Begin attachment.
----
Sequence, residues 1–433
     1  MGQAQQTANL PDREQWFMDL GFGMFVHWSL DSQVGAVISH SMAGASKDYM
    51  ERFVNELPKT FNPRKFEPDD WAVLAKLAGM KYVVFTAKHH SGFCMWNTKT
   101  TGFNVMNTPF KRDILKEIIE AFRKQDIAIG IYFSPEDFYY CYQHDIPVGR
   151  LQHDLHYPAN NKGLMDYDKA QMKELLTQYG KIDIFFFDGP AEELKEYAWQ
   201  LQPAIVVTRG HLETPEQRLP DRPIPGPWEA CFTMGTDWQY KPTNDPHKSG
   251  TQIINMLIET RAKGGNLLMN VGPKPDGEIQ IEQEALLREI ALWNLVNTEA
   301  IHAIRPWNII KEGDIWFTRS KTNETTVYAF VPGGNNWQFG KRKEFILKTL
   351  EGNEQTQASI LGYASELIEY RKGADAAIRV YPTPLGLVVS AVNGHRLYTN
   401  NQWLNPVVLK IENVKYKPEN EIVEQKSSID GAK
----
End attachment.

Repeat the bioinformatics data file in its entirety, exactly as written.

Sequence, residues 1–433
     1  MGQAQQTANL PDREQWFMDL GFGMFVHWSL DSQVGAVISH SMAGASKDYM
    51  ERFVNELPKT FNPRKFEPDD WAVLAKLAGM KYVVFTAKHH SGFCMWNTKT
   101  TGFNVMNTPF KRDILKEIIE AFRKQDIAIG IYFSPEDFYY CYQHDIPVGR
   151  LQHDLHYPAN NKGLMDYDKA QMKELLTQYG KIDIFFFDGP AEELKEYAWQ
   201  LQPAIVVTRG HLETPEQRLP DRPIPGPWEA CFTMGTDWQY KPTNDPHKSG
   251  TQIINMLIET RAKGGNLLMN VGPKPDGEIQ IEQEALLREI ALWNLVNTEA
   301  IHAIRPWNII KEGDIWFTRS KTNETTVYAF VPGGNNWQFG KRKEFILKTL
   351  EGNEQTQASI LGYASELIEY RKGADAAIRV YPTPLGLVVS AVNGHRLYTN
   401  NQWLNPVVLK IENVKYKPEN EIVEQKSSID GAK